Last year, Madden NFL 18 featured the series’ first-ever story mode, “Longshot.” It took four years to make, featured the acting talents of Moonlight’s Mahershala Ali and Friday Night Lights’ Scott Porter, and broke up its poignant cutscenes with interactive dialogue trees, practice challenges, and football games. One year later, Madden 19 has a sequel to “Longshot” called “Longshot: Homecoming.” Although it still has some stirring moments, “Homecoming” eschews the story of two best friends to tell a messier, less engaging story about long-lost family members and financial drama back at the friends’ hometown.
“Homecoming” follows the two best friends from the first story, Colt Cruise (played by Porter) and Devin Wade (played by actor and former football pro JR Lemon). Their friendship grounded the first “Longshot,” which followed their ups and downs as they tried to pivot their high school and college football successes into NFL careers. “Homecoming” separates the two for most of the game, though most of it focuses on Colt.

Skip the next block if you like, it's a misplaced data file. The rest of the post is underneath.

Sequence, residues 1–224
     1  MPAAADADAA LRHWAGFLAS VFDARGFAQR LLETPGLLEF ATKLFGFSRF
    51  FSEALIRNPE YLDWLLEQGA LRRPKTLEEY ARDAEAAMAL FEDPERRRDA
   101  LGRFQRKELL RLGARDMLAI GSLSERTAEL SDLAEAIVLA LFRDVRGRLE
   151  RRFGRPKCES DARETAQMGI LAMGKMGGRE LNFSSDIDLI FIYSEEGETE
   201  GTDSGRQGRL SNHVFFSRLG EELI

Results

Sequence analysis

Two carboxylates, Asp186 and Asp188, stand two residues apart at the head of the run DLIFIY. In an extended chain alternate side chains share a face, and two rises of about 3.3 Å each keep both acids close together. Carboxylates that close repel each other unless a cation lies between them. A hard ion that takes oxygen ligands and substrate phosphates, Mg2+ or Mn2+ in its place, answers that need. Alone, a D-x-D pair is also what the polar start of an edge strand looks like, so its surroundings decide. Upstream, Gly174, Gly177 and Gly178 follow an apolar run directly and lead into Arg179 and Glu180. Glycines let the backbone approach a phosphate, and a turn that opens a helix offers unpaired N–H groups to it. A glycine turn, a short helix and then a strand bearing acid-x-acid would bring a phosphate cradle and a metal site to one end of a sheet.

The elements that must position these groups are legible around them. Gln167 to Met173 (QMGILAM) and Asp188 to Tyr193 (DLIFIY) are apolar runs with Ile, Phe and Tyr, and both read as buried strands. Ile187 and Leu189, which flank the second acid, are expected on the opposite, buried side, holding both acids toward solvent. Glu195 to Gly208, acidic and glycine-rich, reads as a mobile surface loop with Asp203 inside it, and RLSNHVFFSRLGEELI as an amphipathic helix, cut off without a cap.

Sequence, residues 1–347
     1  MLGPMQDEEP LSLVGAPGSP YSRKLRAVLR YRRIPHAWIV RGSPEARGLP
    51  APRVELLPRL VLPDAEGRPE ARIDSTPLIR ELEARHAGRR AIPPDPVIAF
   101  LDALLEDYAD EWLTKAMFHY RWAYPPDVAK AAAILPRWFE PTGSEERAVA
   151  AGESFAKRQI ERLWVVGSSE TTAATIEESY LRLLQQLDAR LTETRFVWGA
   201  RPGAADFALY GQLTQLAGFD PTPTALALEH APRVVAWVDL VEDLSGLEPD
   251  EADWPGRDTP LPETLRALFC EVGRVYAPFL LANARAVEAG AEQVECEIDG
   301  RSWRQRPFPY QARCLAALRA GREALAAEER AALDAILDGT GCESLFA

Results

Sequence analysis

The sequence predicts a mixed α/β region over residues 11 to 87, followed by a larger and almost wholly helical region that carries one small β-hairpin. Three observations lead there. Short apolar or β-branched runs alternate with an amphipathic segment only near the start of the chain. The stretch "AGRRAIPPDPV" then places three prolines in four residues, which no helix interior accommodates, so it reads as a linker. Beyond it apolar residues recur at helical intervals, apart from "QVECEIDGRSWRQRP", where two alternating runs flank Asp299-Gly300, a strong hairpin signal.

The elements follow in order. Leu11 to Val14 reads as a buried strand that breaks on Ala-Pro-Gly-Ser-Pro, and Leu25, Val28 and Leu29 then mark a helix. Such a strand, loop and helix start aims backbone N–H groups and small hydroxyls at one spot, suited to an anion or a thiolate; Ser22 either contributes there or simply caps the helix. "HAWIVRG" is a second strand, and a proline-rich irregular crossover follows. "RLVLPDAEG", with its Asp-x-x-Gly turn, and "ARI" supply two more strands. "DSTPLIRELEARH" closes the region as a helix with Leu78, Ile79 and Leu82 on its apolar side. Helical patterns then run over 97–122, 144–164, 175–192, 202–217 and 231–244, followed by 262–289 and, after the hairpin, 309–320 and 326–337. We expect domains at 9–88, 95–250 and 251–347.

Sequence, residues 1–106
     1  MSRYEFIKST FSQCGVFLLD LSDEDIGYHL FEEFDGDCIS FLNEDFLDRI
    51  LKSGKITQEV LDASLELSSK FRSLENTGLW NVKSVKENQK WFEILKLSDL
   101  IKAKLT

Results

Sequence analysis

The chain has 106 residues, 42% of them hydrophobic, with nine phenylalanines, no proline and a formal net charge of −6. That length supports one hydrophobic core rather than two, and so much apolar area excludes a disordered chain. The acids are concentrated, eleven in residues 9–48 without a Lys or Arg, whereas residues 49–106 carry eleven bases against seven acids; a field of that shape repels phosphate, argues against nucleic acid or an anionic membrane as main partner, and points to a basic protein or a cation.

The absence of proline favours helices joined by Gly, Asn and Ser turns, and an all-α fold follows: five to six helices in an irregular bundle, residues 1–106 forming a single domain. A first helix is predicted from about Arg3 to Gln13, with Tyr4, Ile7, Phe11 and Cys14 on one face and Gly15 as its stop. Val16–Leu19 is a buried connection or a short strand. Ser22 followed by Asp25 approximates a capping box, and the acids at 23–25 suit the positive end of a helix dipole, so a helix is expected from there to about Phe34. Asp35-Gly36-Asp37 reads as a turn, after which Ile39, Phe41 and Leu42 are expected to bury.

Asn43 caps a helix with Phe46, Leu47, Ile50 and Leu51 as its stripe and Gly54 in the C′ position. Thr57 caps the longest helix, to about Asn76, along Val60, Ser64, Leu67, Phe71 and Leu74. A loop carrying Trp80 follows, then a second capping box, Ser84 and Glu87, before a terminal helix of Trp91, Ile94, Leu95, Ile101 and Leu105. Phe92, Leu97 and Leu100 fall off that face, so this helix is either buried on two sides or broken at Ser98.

When the story starts, we learn that Colt’s NFL dreams haven’t panned out, but Devin has had slightly more success. The Dallas Cowboys have Devin in training camp, although he can’t seem to impress his coach enough to get out on the field. Meanwhile, the guys’ hometown of Mathis, Texas got hit hard by Hurricane Harvey, an impressively topical reference that shows the speed with which this script must have come together.
In training with the Cowboys, Devin is still the unfocused rookie we remember. He struggles to remember play calls and keeps taking impulsive suggestions from his fellow player and friend Tito, rather than following his coach’s directions. Unlike “Longshot,” none of this plays out in nail-biting dialogue trees and mini-games that allow the player to experience how difficult it actually is to remember play calls under pressure and make fast decisions on the field. Instead, “Homecoming” shows us all of this in cutscenes, barely letting the player interact.